Saturday, January 19, 2013

Silhouette in Scarlet by Elizabeth Peters

cover of Silhouette in Scarlet by Elizabeth Peters
Vicky Bliss is one of my favorite fictional heroines. Why? Because she’s not like the typical romantic suspense heroine. She’s not the little dainty girl who can’t take care of herself. She’s not in her early twenties, and although she attracts the men, she doesn’t always end up with the hero in the end. Of course, Vicky’s flaw is that she does tend to jump into things without thinking, which is a typical “had I but known” reaction of heroines. In Silhouette in Scarlet, Vicky is in prime form. She receives a letter and reference to Karlsholm. Of course, she knows that the message is from John Smythe, her romantic counterpart in the Street of the Five Moons. A year earlier, Vicky met up with Smythe in Paris, where she was left facing the police when Smythe skipped out of the hotel room. When Vicky goes to Sweden, Smythe tries to avoid her. It seems he is being chased by some criminals, and Vicky is totally in the dark about what is going on. She meets up with Leif, a tall (taller than tall Vicky), muscular, Swedish type. Vicky also gets contacted by Gus, who thinks he’s her long lost, much removed cousin. Smythe is behind making Gus think that Vicky a relation because Smythe is trying to get Gus to let him dig in Gus’ estate pasture to look for Roman gold. Of course, the other gang members get involved, and before you know it, Vicky, Gus, and Smythe are imprisoned and in danger.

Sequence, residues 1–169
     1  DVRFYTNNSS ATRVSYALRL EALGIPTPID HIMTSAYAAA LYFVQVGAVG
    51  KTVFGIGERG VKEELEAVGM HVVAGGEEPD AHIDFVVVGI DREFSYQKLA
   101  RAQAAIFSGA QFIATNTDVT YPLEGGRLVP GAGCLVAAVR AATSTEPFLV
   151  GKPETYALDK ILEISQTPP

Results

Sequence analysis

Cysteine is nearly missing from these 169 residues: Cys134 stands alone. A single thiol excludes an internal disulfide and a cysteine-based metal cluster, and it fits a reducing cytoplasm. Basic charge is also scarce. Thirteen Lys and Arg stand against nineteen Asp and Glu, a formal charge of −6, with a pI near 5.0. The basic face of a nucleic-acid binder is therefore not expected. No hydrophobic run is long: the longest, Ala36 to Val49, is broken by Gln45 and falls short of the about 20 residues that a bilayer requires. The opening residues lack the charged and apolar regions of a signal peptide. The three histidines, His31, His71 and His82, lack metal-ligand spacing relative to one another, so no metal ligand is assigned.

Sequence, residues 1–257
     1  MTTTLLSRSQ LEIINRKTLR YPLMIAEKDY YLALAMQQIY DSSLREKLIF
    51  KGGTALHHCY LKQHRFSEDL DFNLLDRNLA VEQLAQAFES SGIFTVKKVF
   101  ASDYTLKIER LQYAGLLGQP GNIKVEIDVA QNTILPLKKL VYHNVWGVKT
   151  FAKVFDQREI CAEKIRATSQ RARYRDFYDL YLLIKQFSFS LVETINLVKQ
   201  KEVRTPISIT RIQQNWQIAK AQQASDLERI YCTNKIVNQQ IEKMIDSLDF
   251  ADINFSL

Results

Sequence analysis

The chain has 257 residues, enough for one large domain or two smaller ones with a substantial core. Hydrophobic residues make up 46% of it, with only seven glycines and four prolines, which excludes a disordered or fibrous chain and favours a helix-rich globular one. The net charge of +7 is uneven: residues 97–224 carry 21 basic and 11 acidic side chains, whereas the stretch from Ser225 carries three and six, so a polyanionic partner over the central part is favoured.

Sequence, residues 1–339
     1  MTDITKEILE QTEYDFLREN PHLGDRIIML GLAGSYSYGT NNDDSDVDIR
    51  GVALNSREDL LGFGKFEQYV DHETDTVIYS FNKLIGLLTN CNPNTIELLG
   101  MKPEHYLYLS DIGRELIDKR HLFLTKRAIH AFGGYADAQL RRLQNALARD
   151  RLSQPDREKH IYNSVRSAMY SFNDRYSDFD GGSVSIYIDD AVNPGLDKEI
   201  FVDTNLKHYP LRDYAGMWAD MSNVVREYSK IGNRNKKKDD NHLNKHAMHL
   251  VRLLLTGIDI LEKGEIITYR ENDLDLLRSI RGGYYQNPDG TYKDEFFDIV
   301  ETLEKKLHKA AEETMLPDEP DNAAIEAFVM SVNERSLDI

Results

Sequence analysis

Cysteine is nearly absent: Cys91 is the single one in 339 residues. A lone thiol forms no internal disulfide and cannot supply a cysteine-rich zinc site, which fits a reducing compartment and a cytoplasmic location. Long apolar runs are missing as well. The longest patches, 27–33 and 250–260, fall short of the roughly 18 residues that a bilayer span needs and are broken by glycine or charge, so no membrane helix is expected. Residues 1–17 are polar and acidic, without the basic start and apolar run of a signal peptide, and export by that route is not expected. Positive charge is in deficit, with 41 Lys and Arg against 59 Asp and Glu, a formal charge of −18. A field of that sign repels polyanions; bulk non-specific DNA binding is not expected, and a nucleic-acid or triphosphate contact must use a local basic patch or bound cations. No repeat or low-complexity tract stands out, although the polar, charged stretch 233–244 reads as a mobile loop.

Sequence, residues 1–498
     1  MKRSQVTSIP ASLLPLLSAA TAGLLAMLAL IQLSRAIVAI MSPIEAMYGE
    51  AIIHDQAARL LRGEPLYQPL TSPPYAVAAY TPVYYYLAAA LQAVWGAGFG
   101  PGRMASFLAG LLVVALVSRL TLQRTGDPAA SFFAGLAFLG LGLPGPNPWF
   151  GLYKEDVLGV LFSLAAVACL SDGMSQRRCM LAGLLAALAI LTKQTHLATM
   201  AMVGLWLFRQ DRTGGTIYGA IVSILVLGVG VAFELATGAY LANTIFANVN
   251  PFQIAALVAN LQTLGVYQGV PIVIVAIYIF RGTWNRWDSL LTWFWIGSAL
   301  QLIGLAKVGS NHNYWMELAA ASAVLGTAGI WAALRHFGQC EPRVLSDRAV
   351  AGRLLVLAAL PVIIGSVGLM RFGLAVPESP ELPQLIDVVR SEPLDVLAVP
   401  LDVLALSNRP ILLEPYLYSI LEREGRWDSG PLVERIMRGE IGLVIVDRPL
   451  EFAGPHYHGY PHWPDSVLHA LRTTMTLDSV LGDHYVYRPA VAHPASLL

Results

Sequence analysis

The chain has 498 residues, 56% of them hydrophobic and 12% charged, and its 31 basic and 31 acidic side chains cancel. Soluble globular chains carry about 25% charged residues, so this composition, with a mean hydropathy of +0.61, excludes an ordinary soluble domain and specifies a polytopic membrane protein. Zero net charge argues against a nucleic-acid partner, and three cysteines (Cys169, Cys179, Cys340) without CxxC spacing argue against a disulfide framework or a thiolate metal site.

I don’t remember reading this book in the past (although I must have because I’m sure I read the whole series), and I really enjoyed the story this time. Would Vicky figure out what was going on? Would Smythe receive his just desserts from the criminals? Would they all escape to live happily ever after? I admit that I was surprised at the reveal of the criminal at the end. i didn’t suspect it although I suppose I should have. The clues were all there. What I love the most about Peters’ Vicky Bliss stories is the humor that’s mixed in with the suspense. When you read Peters, you know that you are going to go on a amusement park ride. It will be fun and thrilling, and when you finish the book, you are going to be gasping with pleasure.

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